Artificial intelligence is rapidly reshaping our world, presenting both awe-inspiring advancements and potential concerns.
In recent years, businesses, nonprofits, and government agencies have all been forced to adjust to dramatic transformations.
Leaders face complicated, high-stakes questions such as:
- What’s the right balance of in-person, remote, and hybrid work in the aftermath of the COVID-19 pandemic, and how should you alter your management style for geographically distant employees?
- How can organizations responsibly take advantage of advances in artificial intelligence and automation, and what will those changes mean for their work forces?
- How much responsibility do governments, organizations, and individuals each bear to adopt sustainable practices and combat climate change?
These aren’t questions with straightforward, one-size-fits-all answers. However, leaders are better prepared to tackle complex challenges when they’re equipped with a broad base of knowledge, robust decision-making frameworks, and strong skills in communication and collaboration.
A Master of Liberal Arts cultivates these skills and habits of mind, making it possible to thrive even in periods of uncertainty. In this article, we’ll outline some of the ways an MLA degree can help you achieve your goals.
How you can benefit from a master’s in liberal arts
A liberal arts education synthesizes concepts from the humanities, social sciences, and natural sciences to help people to better understand the world, to engage with complex ideas, and to make simultaneously strategic and ethical decisions.
Whereas many graduate degrees instill technical abilities that are tied to specific jobs and industries, an MLA program presents broadly applicable approaches for thinking and communicating about complex issues. Students build skills that are instrumental to success in leadership positions, including critical thinking, communication, problem solving, and adaptability to change.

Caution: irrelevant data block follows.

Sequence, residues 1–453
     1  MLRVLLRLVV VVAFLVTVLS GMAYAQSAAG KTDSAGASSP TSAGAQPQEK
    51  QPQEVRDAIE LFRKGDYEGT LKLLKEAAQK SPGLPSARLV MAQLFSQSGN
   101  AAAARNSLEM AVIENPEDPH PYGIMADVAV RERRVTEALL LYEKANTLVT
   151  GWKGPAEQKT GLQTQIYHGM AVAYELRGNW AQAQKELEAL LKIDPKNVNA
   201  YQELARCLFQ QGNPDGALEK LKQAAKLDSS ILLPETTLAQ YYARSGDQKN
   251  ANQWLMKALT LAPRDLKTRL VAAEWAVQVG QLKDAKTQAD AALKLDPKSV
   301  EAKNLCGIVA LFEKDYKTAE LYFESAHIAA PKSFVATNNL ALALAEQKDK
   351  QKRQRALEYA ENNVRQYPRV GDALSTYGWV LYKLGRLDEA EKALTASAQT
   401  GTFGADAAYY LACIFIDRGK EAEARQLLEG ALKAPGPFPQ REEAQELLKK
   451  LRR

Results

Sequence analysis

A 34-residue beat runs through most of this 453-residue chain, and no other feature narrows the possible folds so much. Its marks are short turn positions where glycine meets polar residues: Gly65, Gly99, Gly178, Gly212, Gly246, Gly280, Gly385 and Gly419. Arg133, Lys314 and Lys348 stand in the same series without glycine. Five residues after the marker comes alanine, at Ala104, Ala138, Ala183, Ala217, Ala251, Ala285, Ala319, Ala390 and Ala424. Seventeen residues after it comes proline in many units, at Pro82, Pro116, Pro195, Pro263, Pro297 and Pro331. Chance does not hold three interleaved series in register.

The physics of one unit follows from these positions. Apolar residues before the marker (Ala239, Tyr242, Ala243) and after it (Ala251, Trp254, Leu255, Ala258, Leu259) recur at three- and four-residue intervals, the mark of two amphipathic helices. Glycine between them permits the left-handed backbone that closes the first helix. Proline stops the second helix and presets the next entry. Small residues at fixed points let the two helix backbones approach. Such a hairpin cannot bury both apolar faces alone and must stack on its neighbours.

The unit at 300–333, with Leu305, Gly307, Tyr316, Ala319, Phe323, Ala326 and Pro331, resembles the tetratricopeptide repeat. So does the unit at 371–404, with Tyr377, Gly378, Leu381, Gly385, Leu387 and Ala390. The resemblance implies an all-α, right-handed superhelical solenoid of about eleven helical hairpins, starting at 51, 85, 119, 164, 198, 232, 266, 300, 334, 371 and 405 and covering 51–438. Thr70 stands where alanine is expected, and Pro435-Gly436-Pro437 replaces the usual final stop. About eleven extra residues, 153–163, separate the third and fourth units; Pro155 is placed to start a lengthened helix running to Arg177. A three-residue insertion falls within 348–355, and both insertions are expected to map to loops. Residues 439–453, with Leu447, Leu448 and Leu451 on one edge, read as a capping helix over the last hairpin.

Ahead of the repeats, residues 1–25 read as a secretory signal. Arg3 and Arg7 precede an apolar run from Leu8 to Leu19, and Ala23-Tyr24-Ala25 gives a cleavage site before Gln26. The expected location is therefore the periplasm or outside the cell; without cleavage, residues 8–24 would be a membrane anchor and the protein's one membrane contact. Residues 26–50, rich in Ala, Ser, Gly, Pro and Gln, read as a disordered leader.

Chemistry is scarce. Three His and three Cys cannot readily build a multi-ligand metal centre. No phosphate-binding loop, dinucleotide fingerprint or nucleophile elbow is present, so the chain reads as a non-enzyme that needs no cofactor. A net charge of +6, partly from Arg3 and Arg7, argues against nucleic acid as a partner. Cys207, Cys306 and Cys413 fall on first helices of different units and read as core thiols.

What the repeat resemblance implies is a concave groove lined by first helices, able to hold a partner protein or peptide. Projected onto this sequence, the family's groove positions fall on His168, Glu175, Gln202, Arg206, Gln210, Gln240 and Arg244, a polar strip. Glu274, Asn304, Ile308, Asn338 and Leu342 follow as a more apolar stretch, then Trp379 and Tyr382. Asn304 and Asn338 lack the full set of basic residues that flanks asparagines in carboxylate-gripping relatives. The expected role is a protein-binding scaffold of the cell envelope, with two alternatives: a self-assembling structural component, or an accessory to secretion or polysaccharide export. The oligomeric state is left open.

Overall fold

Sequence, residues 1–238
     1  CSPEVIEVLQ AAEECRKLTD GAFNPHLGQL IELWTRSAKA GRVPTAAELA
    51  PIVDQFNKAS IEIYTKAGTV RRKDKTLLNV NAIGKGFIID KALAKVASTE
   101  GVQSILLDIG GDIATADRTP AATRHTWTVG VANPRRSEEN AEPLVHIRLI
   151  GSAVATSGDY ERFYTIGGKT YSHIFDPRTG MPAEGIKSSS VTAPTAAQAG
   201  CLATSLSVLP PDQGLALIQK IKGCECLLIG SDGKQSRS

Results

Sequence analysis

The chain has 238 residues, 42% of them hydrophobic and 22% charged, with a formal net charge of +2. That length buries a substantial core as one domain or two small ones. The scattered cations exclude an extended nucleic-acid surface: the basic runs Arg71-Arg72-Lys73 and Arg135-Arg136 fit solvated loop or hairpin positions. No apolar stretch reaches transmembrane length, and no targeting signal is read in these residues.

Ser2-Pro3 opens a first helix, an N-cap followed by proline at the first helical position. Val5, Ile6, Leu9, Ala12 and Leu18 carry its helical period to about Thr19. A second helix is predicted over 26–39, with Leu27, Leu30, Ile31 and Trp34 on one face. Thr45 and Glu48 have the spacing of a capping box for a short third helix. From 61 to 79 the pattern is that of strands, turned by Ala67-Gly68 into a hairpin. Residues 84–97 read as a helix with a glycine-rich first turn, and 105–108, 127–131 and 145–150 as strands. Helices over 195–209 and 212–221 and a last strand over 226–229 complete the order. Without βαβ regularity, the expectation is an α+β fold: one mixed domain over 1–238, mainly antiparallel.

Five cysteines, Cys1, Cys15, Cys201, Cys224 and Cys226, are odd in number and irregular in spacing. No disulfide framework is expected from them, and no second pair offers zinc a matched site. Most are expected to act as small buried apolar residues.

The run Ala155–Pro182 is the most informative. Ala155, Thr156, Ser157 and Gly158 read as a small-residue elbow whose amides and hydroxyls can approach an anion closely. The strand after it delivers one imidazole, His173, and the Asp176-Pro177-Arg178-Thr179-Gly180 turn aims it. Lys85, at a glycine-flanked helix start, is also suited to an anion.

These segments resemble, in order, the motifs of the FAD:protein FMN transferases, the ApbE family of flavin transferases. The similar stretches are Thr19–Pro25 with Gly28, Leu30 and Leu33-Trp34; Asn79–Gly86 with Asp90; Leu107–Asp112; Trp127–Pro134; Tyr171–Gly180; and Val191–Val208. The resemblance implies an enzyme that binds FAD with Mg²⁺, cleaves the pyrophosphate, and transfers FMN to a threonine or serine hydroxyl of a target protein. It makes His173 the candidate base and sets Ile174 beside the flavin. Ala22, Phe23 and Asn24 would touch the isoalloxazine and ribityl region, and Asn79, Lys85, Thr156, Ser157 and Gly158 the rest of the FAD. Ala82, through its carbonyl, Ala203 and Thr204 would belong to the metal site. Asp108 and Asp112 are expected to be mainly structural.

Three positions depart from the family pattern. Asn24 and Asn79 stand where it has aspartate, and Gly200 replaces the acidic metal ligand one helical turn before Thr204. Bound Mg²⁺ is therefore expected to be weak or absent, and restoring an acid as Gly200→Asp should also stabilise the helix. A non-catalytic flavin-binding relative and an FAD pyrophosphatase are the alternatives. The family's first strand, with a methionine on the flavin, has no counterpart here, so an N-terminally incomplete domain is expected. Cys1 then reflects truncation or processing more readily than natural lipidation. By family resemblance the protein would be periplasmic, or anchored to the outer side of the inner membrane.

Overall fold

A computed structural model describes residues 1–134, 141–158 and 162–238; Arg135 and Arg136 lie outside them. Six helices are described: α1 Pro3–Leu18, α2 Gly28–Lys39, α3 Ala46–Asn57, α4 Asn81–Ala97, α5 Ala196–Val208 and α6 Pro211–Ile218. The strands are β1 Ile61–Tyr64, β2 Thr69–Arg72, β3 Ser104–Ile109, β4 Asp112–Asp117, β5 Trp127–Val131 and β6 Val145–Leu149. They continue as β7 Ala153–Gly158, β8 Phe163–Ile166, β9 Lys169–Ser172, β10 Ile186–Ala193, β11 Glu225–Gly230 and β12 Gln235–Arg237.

A liberal arts master’s program furthers your personal and professional growth by giving you opportunities to:
- Collaborate productively with a community of leaders who come from diverse backgrounds and perspectives
- Solve problems in and across multiple disciplines with innovative ideas and evidence- based reasoning
- Engage with big ideas and foundational texts, guided by faculty members who are renowned experts in their respective fields
Putting the liberal arts to work
The competencies you hone in an MLA program, such as communication and critical thinking, are often described as “soft” skills since they’re not associated with specific technical applications. But there’s a growing recognition in professional environments that these capabilities are even more vital to an organization’s long-term success, especially when managers must marshal cooperation among teams working remotely.
For example, a recent McKinsey Global survey revealed that the workplace changes brought on by the COVID-19 pandemic caused numerous employers to place much greater weight on developing their employees’ social, emotional, and cognitive abilities. In the wake of these shifts, some observers have even suggested a rebrand, referring to soft skills instead as “power” skills.
Regardless of how you refer to these skills, the intellectual frameworks garnered from the liberal arts make a significant difference in keeping organizations and communities progressing toward their goals. University of Chicago Associate Professor of English Mark Miller teaches in the MLA program and he has seen firsthand how graduates go on to apply their education in a variety of professional contexts.
“I’ve talked to a number of MLA students who have found direct career benefits from this program,” Miller said. “Learning to think in more creative and analytical and critical ways opened up their imaginations, taught them problem-solving skills, and nurtured an intellectual creativity that they were then able to bring back to their work.”